Bronson was known for his monosyllabic tone and many believe that this tone, as well as the stoic and toughness that he projected on the screen, was a direct result of years of deprivation during his childhood days. In 1973, a newspaper did a profile of Bronson and reported that Bronson was such an introverted and reserved person that he found it hard to watch his movies or give interviews.

In 1974, film critic Roger Ebert did a profile of Bronson and observed that the actor was in real life quite similar to the characters he portrayed on screen. During the interview, Bronson revealed to Ebert that he did not enjoy talking much and preferred being entertained by his thoughts than that of the others. Some critics believed that Bronson was not only scarred by his early childhood memories but was also hurt by the fact that the United States took forever to recognize his true potential. His struggles made Bronson reserved and reticent.

He Lived a Lavish and Full Life

Bronson met his future wife Jill Ireland in 1962. Jill was then married to actor David McCallum and the story goes that after meeting Jill, Bronson told McCallum that he would eventually marry his wife. Bronson married Jill on October 5, 1968, and the two remain married until Jill died in 1990.

Jill and Bronson lived in a lavish Bel Air mansion in Los Angeles with their seven children. Bronson often accepted projects on the condition that Jill would star as his on-screen leading lady. The couple, therefore, did a total of 15 films together. Bronson was a family man and took his wife and children everywhere he went. Other than the mansion in Los Angeles, Bronson also kept a farmhouse called the Zuleika Farm, named after Bronson’s and Jill’s only daughter together, in West Windsor, Vermont. Between the late 80s and mid-90s, Bronson spent a lot of time in Snowmass, Colorado.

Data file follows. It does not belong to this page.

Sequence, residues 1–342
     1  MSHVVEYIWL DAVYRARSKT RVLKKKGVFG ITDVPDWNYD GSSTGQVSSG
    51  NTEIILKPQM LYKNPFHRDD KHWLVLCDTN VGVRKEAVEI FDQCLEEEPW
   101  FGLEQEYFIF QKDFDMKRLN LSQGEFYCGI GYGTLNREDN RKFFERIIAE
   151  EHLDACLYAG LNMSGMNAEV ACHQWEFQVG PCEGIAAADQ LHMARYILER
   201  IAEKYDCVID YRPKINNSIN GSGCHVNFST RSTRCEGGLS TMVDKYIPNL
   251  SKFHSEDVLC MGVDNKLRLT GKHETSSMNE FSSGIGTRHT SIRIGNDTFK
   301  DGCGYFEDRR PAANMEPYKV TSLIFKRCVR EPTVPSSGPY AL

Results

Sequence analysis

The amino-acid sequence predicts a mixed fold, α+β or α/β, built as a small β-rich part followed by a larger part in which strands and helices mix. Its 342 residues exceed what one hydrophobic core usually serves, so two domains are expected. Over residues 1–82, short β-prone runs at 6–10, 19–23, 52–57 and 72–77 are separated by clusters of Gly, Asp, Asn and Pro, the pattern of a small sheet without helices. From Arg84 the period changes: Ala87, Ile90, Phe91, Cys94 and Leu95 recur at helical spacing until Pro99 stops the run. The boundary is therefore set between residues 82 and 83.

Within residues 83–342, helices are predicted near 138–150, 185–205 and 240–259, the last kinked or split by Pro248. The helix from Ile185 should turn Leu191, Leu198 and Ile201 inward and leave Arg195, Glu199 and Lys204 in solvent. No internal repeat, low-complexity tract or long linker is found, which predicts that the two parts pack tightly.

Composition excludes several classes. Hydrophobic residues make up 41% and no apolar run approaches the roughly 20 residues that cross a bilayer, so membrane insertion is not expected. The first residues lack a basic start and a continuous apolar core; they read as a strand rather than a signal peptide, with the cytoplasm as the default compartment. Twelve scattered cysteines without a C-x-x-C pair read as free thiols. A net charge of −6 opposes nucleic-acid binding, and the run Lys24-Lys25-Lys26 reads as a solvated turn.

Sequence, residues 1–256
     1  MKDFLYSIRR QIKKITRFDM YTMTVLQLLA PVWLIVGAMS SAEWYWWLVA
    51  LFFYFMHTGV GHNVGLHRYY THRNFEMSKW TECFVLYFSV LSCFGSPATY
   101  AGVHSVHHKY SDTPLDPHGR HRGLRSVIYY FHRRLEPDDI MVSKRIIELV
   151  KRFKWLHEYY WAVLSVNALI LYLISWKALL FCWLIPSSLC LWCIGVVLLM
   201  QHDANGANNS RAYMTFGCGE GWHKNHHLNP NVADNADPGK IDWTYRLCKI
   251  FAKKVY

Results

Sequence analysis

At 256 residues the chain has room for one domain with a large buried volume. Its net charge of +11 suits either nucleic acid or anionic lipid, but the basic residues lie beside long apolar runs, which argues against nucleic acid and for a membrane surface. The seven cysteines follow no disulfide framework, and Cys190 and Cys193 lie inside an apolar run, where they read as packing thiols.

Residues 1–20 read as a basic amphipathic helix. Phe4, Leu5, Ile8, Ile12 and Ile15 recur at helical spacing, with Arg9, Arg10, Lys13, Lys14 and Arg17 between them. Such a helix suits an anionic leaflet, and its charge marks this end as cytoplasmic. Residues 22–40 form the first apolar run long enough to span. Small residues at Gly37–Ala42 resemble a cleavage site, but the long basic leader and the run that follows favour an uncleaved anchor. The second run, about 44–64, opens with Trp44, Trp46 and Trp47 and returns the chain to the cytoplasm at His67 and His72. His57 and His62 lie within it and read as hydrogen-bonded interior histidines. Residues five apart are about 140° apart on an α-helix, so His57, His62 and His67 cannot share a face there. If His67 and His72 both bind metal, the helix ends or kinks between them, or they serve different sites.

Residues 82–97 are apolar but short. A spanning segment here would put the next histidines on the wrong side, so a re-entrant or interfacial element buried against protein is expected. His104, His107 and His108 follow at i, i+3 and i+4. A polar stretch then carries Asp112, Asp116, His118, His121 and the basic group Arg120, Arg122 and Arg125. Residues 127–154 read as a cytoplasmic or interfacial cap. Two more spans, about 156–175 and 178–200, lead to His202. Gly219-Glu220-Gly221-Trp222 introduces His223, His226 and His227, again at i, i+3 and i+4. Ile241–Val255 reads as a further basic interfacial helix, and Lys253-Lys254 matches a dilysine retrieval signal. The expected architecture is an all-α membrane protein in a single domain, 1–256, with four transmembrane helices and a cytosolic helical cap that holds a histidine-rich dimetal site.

He Was a Major Movie Star in Europe

The United States took a while to realize Bronson’s true caliber and it was in Europe that the actor first tasted success as a major movie star. Bronson did his first European film Adieu l’ami in 1968. At the time, though Bronson had become famous in the U.S., he was still mostly doing supporting roles. The actor was initially hesitant about accepting the project.

However, after the producer of Adieu l’ami told Bronson that while in the American film industry, everything was about looks, in Europe, everything was about character, Bronson decided to accept the project. Adieu l’ami is a massive hit and leads to another massive hit, Sergio Leone’s Once Upon a Time in the West. Sergio loved working with Bronson and called him one of the greatest actors he had had the pleasure of working with. In 1970, Bronson did Rider on the Rain, which won a Golden Globe.

Here’s another interesting fact about Charles Bronson: in 1964, Sergio Leone had offered Bronson Clint Eastwood’s role in A Fistful of Dollars. Bronson declined and the film changed Clint Eastwood’s life.

Charles Bronson had an alpha-male vibe to him, which made him so popular. However, this vibe, as well as his strong and reserved personality, were a result of his real-life experiences. We hope you enjoyed listening to these facts about Charles Bronson. Is there anything you would want us to add to this video? If yes, please leave a comment.